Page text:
Was Your Car Part of a GM Recall?
The Philadelphia auto defect lawyers at Eisenberg, Rothweiler, Winkler, Eisenberg & Jeck, P.C., have extensive experience handling product liability lawsuits for clients throughout Pennsylvania, New Jersey and nationwide. We work closely with accident reconstruction specialists and other industry professionals to help strengthen the merits of your claim. In one case, our attorneys helped a client secure a $55,300,000 jury verdict for a catastrophic injury caused by a defective auto part. In that case, our attorneys demonstrated that the automaker knew of the defect and failed to correct it, similar to the circumstances of the GM ignition switch recall.
Which GM Vehicles Have the Defective Ignition Switch?
The GM recall for defective ignition switches includes the following vehicle models:
- 2005-2009 Buick Lacrosse
- 2006-2011 Buick Lucerne
- 2004-2005 Buick Regal LS & GS
- 2003-2014 Cadillac CTS
- 2000-2005 Cadillac Deville
- 2004-2011 Cadillac DTS
- 2004-2006 Cadillac SRX
- 2010-2014 Chevrolet Camaro
- 2005-2010 Chevrolet Cobalt
- 2006-2011 Chevrolet HHR
- 2000-2014 Chevrolet Impala
- 1997-2005 Chevrolet Mailbu
- 2000-2008 Chevrolet Monte Carlo
- 1999-2004 Oldsmobile Alero
- 1998-2002 Oldsmobile Intrigue
- 2007-2010 Pontiac G5
- 1999-2005 Pontiac Grand Am
- 2004-2008 Pontiac Grand Prix
- 2006-2010 Pontiac Solstice
- 2003-2007 Saturn Ion
- 2006-2010 Saturn Sky
How Does GM’s Defective Ignition Switch Affect Vehicles?
If your GM automobile has a defective ignition switch, then your car could lose power without warning while you are driving. When you insert your keys into the ignition and turn, three notches help your vehicle determine whether it is in the off, accessory or on position. Investigators have determined that the detent plunger, a tiny metal device affixed with a spring, does not provide enough tension to keep keys in the correct position. Instead, your keys can be knocked from the correct notch, pushing your vehicle from “on” to “accessory mode” while you are driving.
Accessory mode kills power to the engine and the rest of the vehicle. In this mode, your vehicle’s steering, airbags, power brakes and other lifesaving features will not work. Investigators have determined that something as simple as using a heavy keychain or driving on a bumpy road can cause defective GM vehicles to switch to accessory mode.
Additionally, engineers at GM have known about this problem for more than a decade. In 2004, two GM engineers experienced the defect while test driving a Chevrolet Cobalt. One year later, GM began holding meetings about the defect. Instead of issuing a recall, GM sent out Technical Service Bulletins to dealerships with instructions on how to fix the vehicles. Usually, an automaker sends these types of bulletins only when a defect is not a serious safety issue.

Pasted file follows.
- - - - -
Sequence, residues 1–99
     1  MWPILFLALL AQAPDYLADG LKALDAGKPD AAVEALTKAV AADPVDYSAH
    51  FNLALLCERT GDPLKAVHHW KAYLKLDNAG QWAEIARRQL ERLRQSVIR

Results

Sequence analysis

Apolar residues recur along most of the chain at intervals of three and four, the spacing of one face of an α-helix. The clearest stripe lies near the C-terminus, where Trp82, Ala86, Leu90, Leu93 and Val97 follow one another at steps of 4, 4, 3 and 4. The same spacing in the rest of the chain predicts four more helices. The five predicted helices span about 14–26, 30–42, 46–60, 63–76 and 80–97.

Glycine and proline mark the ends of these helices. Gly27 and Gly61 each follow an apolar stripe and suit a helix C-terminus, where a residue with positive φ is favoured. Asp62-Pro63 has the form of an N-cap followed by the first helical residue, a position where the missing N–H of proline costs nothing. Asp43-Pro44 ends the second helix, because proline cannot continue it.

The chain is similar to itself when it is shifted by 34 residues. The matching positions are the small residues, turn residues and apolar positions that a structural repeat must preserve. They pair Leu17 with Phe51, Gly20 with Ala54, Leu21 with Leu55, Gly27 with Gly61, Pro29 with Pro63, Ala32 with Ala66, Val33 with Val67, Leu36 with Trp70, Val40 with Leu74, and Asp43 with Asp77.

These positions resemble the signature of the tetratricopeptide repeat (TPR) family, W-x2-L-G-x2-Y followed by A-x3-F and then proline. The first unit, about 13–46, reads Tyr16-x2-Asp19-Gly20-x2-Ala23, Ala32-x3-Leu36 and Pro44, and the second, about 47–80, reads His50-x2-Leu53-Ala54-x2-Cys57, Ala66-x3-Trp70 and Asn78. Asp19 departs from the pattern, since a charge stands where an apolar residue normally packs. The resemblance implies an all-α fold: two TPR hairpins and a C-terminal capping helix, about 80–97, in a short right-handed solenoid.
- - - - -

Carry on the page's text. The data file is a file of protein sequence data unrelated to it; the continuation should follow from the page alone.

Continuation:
Has GM Issued Other Vehicle Recalls?
In addition to defective ignition switches, during 2014 and 2015, GM recalled millions of vehicles in the U.S. for various auto defects that reduce the crashworthiness of affected vehicles and thus may cause serious injuries. These defects include:
- GM recalled 1.3 million vehicles because they may experience a sudden loss in electric power steering assist. NHTSA has a detailed list of the vehicle models affected by this defect.
- GM recalled multiple Buick, Chevrolet, GMC and Saturn vehicle models over a seatbelt defect. These defective seatbelts cannot properly restrain passengers during a crash, reducing the car’s crashworthiness and causing potentially fatal injuries.
- GM issued a vehicle recall for several Chevrolet Malibu, Pontiac G6 and Saturn AURA models due to defective shift cables. These defective cables can wear out and fracture, making it impossible to shift gears.
- GM recalled 2015 Cadillac Escalade and Escalade ESVs. The company claims these vehicles have defective passenger side airbags that may only partially deploy during a crash.
- GM issued a recall for 2015 Chevrolet Silverado HD and GMC Sierra HD models due to generator fuse block defect that may cause fires.
Were You or a Loved One Injured by a Vehicle Included in the GM Recalls?
GM is not the first automaker to conceal a product defect, nor is it likely to be the last. However, even if companies issue recalls or fix defects promptly, they may still be liable for injuries and deaths caused by auto defects. If you or a loved one suffered catastrophic injuries in a crash involving a GM, then we can help you determine whether a defect is to blame. Damages from an auto defect lawsuit can help pay for hospitals bills, rehabilitation, home modifications, and pain and suffering.
The auto defect lawyers at Eisenberg, Rothweiler, Winkler, Eisenberg & Jeck, P.C., accept cases on a contingency fee basis. This means you do not owe us fees unless we successfully recover compensation on your behalf. We offer free initial consultations that can help you determine whether you have legal options to recover damages. To reach out to our attorneys, call (866) 569-3400 or fill our online case review form.